One third of male troops aged 40 and younger revealed to researchers in a new study that they experience erectile dysfunction.
The findings, posted online Thursday at the Journal of Sexual Medicine, used data from a fall 2013 study of 367 male military personnel. Within that group, the servicemen collectively acknowledged an ED rate of 33 percent, according to the published paper.
For civilian guys in the same age range, the ED rate is 7 percent, said report co-author Sherrie Wilcox, a research assistant professor at the University of Southern California.
“It was somewhat surprising,” Wilcox said. “These problems are likely elevated in this young group of military personnel due to the compounding challenges that are unique to our military service members, including intense –- but essential –- training, relocations, deployment, (and) combat exposure.
“Other research has found that approximately 80 percent of those with PTSD also have sexual functioning problems,” Wilcox said. “Also, medications that might be used to treat other problems, can also lead to sexual functioning problems.”
Among the 367 test subjects, about 80 percent had gone to combat in Iraq or Afghanistan, and the researchers estimated that approximately 46 percent of those troops with ED also had “probable” Post Traumatic Stress Disorder, Wilcox said.
“I can’t say what is causing the ED (and other forms of sexual dysfunction, or SD, as mentioned by the troops). However, there is a strong association between presenting with ED or SD and poor physical and psychosocial health problems, including distressed relationships, mental health symptoms, (or) experiencing traumatic events,” Wilcox said.
The Pentagon is following up on the issue, according to a Defense Department spokesman.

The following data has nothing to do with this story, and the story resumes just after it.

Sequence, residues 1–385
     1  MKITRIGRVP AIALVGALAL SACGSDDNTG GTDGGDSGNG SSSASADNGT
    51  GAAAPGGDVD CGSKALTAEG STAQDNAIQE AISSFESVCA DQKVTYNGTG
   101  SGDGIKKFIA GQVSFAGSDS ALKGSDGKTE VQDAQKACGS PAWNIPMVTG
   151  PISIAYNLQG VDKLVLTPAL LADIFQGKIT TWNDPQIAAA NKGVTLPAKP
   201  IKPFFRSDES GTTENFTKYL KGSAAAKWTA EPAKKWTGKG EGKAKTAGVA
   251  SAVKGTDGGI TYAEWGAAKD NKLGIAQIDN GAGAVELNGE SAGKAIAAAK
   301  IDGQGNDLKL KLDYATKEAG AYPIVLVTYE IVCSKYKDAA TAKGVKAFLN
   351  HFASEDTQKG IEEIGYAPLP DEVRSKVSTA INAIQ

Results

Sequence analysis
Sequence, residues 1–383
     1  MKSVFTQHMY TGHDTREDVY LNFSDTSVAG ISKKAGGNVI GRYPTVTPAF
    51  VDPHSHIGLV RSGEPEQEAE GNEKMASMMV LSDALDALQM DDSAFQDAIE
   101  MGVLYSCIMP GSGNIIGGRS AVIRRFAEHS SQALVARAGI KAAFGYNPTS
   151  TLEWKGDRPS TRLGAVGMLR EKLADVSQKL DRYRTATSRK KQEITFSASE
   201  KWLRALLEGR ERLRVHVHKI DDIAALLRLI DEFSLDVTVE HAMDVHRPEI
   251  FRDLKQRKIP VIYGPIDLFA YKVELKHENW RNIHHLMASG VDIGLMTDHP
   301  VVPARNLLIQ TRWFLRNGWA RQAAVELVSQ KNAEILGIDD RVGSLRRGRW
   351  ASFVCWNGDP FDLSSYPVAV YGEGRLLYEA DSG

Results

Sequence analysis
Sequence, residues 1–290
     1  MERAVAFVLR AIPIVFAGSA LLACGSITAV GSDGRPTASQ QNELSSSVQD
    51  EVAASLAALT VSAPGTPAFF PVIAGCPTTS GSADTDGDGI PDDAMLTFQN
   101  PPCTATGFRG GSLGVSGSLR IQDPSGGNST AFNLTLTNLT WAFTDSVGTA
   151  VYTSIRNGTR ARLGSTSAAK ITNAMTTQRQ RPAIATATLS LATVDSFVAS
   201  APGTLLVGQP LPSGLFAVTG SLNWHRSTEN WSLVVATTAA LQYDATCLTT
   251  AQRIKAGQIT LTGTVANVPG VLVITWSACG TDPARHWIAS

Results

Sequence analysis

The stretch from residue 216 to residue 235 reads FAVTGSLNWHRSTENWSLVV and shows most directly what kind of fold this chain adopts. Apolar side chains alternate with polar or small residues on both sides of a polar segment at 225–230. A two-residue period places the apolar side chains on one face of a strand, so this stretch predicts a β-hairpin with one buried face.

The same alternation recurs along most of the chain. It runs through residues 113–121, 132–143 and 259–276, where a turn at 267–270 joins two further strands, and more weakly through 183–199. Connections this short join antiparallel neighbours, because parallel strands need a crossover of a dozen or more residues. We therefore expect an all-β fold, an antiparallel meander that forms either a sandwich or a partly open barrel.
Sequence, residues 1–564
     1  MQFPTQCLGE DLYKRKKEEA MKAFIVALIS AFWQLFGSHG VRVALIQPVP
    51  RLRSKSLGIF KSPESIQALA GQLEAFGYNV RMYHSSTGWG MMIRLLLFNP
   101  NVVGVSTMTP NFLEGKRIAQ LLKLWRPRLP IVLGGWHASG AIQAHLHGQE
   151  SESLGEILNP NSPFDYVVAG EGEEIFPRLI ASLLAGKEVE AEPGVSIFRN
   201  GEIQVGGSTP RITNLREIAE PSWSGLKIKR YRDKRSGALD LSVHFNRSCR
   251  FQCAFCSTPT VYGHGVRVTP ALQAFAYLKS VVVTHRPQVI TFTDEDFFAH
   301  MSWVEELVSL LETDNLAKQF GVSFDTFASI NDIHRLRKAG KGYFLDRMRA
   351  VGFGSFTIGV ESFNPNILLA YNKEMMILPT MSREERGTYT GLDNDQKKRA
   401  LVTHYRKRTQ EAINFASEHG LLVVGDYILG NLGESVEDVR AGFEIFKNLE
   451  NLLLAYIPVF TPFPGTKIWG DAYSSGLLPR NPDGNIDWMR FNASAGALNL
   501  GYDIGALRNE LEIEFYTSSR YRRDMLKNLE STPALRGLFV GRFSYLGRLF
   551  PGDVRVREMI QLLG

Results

"The department takes all aspects of our service members' health, fitness, and morale seriously,” said Maj. James B. Brindle, a Defense Department spokesman for personnel and readiness.
"We are reviewing this study but are currently unaware of any environmental exposure that could be contributing to erectile dysfunction in the force,” Brindle said.
At the Cleveland Clinic, a leading men’s health expert called the military ED rate “provocative and interesting,” but also cautioned that “it is preliminary.”
It should be noted as well that the participants responded to an invitation to fill out questionnaires related to sexual dysfunction -– and that alone can lead to “bias towards people who are experiencing problems,” said Dr. Daniel Shoskes, director of the Novick Center for Clinical and Translational Research at the Cleveland Clinic.
But in a population of returning younger veterans already struggling with nasty acronyms such as PTSD and TBI, experts agreed the last thing many of those men needed was one more acronym, ED, that intimately hits home.